By: Derek Jung
I love the Cincinnati music community. I enjoy discovering and listening to local bands, attending shows at local venues, and I'm very proud to support the source of many of those discoveries, WNKU. The station, owned and subsidized by Northern Kentucky University since 2011, has been broadcasting since 1985. Through the years, it has cemented itself deep in the hearts of music and arts lovers all over the area. Earlier this year it was announced that NKU was selling the station to a religious broadcasting company, and the immediate feedback was overwhelming. A petition was created that, at the time of this publication, has amassed over 8,000 signatures. While the sale is still pending, the window of opportunity to listen to the station is closing. As proof of that, WNKU announced that its final in-studio performance would be with beloved local duo Dawg Yawp.
I entered the studio with a mix of excitement and sadness - excited for my first in studio performance at WNKU, but also sad that my first would also be my last. I had never been to the studio before, and I was surprised that it was basically in the same hallway as normal college classrooms. It wasn't exactly the location I was expecting, but nonetheless everyone was very friendly and welcoming. In the waiting room, there was free WNKU swag and CDs that they were giving away because they wouldn't have any more opportunities to do giveaways in the future. I picked up the great new albums from Iggy Pop and Jim James. Soon, we all shuffled into Studio 89, which was draped with lights and had a welcoming, relaxed vibe to it. Unfortunately today the melancholy was palpable and our DJ Liz Felix hardly made it through the introduction before getting teary eyed. We were delighted to hear the band play 7 songs from their new self titled album and a surprise Beatles cover by request of Felix to finish the set. In between songs, Liz interviewed the band and Tyler and Rob told stories about how some songs were written and how the band came into being. You could tell they felt honored to be there and Rob even got emotional while recounting what it was like hearing one of their songs for the first time on the radio (on WNKU no less).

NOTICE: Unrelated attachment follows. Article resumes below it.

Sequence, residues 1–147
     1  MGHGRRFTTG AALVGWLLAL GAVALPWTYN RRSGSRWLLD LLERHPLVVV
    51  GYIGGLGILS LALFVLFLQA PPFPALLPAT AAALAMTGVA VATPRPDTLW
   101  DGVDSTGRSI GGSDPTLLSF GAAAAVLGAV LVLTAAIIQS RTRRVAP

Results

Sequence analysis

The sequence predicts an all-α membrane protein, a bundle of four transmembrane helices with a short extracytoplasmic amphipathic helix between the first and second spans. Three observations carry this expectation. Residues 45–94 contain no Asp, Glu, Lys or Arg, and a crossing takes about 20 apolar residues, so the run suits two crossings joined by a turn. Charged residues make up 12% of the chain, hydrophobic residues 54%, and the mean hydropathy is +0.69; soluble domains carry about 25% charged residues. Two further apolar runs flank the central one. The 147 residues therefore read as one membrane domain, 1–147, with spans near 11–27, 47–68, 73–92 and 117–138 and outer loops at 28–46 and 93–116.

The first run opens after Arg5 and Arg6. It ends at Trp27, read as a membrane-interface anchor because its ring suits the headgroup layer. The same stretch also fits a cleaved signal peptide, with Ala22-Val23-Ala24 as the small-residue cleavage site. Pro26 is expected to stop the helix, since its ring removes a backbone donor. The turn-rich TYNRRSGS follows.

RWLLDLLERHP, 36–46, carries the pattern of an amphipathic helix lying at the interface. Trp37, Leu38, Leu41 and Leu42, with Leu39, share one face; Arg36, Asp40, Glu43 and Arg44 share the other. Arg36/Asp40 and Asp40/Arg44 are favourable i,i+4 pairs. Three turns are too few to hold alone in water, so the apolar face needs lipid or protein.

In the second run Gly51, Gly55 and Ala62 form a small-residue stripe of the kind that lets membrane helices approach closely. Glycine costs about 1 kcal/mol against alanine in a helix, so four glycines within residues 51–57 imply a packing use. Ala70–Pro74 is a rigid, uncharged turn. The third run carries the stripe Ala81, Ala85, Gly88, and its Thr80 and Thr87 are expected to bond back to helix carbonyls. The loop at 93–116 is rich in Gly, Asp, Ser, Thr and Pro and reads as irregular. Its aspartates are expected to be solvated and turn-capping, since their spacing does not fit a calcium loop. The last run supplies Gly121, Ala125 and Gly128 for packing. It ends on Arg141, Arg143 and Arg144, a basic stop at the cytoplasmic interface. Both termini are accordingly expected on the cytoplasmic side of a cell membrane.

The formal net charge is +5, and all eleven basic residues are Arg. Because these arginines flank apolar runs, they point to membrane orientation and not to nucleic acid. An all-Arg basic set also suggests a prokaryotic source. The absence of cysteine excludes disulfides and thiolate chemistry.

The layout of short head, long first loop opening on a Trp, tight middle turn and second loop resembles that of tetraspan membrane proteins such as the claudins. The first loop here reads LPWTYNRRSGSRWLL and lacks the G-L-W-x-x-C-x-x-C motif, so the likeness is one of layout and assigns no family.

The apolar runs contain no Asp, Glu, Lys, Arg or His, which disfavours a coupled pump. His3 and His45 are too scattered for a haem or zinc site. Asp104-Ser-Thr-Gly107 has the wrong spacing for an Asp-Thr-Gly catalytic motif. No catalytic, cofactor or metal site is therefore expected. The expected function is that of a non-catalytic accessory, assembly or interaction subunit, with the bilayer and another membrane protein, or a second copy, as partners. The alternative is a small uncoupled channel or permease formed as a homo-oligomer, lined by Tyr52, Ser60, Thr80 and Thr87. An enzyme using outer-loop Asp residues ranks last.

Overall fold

The band's distinct sitar rock was of course well received by the couple dozen people in attendance. The station live streamed the entire performance on Facebook. I've embedded it below. You can also listen to the radio edit with better audio by clicking this link. It was a true honor to be there, and it will be a sad day in Cincinnati history when WNKU finally closes its doors.
Who are we?
Derek Jung and Joseph Kathmann -- Just two ordinary (debatable) guys that love talking about music. You can read more about us here: